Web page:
The benefits of the future

As a followup to my last article, I have been asked by several people for my views on the benefits of the future. In this article, I suggest that the benefits currently being sold within the voluntary benefits market are not necessarily the ones that employees want. Benefits such as critical illness and AD&D have their place in a more consumer-driven marketplace. However, I do not see the market for these benefits to be as robust as it is in the United States. As indicated in my last article, we do not have the same burning platform in Canada as they do in the U.S.—healthcare costs/reform—which makes these benefits so popular south of the border.

Sadly, I don’t have a crystal ball to be able to predict the future. However, some of my perspective that “employees want different” is formed based on some recent research completed by Mercer. In 2011, Mercer completed a global survey focused on exploring what is on the minds of employees with respect to their benefit plans and the choices that they are able to make. The survey—entitled Making Smart Benefit Choices—unearthed a couple of interesting themes.

The first theme, which supports the notion of employee choice, was that the majority of employees would be prepared to pay more out of their own pocket for benefits they deem to be of value. I think this would be a surprise to many benefits plan sponsors. The second theme related more specifically to the topic of perceived value. When asked to rank the relative importance of the benefits that they would like to purchase, Canadian employees placed group auto and homeowner insurance at the top of the list. Benefits such as critical illness and optional life were also on the list. However, AD&D did not make it. Benefits for lifestyle support, pet insurance and concierge services were highly rated. So it appears that employees have a less traditional and perhaps more enlightened view of benefits.

When you think about what benefits might be important in the future, it is helpful to consider some of the factors that might influence future buying preferences/behaviours. Some of the interesting trends that stand out include the following:

Convenience—When you ask many people to identify the most important aspect of a buying decision, it may be cost but more often than not it’s convenience. We buy things that make life easier and save us time. And we want to buy things that are easy to buy. This is why online shopping is so popular and—despite knowing it might not be good for us—why fast food consumption continues to be so strong. This certainly has implications for how we deliver benefits but also for the type of benefits we offer. Benefits focused on making the lives of employees easier (e.g., concierge-type benefits) have the potential to be wildly popular in the future.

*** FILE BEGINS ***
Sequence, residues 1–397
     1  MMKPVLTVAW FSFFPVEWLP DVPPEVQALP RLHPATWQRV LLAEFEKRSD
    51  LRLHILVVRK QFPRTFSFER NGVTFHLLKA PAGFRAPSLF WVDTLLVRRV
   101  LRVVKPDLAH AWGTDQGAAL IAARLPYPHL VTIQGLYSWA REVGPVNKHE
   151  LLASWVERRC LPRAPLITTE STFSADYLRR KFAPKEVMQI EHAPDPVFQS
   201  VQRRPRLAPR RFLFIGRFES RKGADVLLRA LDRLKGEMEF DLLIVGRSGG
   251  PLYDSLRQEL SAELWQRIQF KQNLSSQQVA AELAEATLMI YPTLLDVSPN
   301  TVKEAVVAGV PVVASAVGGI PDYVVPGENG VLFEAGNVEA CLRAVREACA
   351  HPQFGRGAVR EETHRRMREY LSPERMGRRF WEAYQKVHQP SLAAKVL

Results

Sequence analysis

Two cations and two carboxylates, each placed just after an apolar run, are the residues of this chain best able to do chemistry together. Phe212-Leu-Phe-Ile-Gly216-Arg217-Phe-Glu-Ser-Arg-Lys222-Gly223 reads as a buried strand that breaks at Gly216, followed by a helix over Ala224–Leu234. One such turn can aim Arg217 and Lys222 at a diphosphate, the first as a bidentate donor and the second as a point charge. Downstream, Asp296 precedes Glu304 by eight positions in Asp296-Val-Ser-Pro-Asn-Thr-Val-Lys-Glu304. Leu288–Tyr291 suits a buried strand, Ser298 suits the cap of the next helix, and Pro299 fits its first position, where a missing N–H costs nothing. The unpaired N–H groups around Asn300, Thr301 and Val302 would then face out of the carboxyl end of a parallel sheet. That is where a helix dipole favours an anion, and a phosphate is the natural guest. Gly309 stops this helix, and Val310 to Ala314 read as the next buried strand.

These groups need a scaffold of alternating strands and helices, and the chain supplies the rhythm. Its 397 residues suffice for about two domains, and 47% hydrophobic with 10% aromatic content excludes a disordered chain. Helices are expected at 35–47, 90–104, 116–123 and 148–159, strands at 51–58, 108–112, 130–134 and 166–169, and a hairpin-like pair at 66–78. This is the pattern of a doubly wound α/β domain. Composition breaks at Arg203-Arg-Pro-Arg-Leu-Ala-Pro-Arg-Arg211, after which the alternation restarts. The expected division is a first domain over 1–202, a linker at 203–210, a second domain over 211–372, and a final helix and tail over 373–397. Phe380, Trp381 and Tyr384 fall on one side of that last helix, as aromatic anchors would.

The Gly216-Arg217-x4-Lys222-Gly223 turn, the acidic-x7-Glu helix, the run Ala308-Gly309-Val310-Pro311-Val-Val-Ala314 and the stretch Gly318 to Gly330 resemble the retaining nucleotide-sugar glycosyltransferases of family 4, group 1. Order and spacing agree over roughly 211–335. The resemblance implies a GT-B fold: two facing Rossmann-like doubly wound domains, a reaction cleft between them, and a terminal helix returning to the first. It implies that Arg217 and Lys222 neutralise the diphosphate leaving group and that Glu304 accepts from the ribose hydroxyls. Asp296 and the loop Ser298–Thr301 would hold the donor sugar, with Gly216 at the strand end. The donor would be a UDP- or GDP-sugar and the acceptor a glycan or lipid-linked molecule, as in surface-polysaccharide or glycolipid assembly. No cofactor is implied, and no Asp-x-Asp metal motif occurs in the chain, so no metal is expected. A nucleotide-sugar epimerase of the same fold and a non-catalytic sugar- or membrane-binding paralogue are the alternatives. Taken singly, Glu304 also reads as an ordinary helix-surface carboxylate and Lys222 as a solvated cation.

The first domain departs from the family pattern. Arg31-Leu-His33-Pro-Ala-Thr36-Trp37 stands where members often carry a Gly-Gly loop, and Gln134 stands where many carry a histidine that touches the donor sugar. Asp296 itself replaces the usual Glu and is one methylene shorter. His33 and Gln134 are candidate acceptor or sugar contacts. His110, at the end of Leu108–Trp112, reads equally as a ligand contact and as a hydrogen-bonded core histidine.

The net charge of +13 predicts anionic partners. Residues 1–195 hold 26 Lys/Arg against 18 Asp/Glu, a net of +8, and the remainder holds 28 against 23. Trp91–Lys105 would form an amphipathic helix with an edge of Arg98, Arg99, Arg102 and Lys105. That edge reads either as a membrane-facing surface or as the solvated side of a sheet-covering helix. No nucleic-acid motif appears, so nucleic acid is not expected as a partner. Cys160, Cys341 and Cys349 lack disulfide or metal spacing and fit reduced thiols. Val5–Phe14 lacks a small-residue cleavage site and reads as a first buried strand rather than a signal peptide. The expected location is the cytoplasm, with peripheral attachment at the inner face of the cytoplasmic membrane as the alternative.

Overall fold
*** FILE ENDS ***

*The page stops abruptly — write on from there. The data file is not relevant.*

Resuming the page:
Going mobile—Advancements in mobile technology have already profoundly changed our lives and the pace of change will only get faster. Mobile technology has the potential to radically change how we deliver healthcare. Mobile technology has created a connected and linked society with access to limitless amounts of information and the potential to link daily activities never before contemplated. There are already many mobile applications in the market that allow an individual to track their daily activities. Imagine the potential in linking this data to the benefits offered within a workplace—to allow individuals the opportunity to customize benefits plans that are completely aligned with how they live their daily lives. And less reliance on “bricks and mortar” healthcare in the future opens up tremendous opportunities for employers and employees to participate more fully in the delivery of healthcare. This could have broad cost implications. Going mobile will also clearly change how we communicate benefits in the future. Paper could soon be a thing of the past.

Healthcare—It’s hard to imagine a health care system in the future that looks anything like it does today. It seems inevitable that Canadians will be required to more fully participate in the funding of health care if we as a nation remain committed to a universal health care system. We seem to be on the path of fundamental reform. Benefits focused on offsetting the cost of higher individual co-pays and/or benefits that provide for quicker access may be in our future. And demographically driven benefits such as eldercare and long-term care should be attractive in the market.

Wellbeing—People are increasingly focused on wellbeing: physical, mental, emotional and financial. More people are aware of the perils of living their lives “the wrong way”; however, they don’t know how to make the necessary changes on their own. Benefits that help employees (and dependents) make the right life choices and help them to live their lives well will be highly valued in the future. I really like the idea of health coaches—why not a coach for all aspects of wellbeing?

Values—With each generation, their base values change. The “new generation” is far more interested in sustainability than the generations that preceded them. I don’t know how this necessarily translates into a new employee benefit, but I do think organizations that tap into the different values of their employees will win the war for talent.

A final word about the benefits of the future. I do believe that the future role of the employer in the provision of employee benefits will be that as facilitator and that customer will increasingly be the employee and their family members. Therefore, flexibility and ease of access will be critical in the delivering of any new product.

The next decade will be pretty interesting.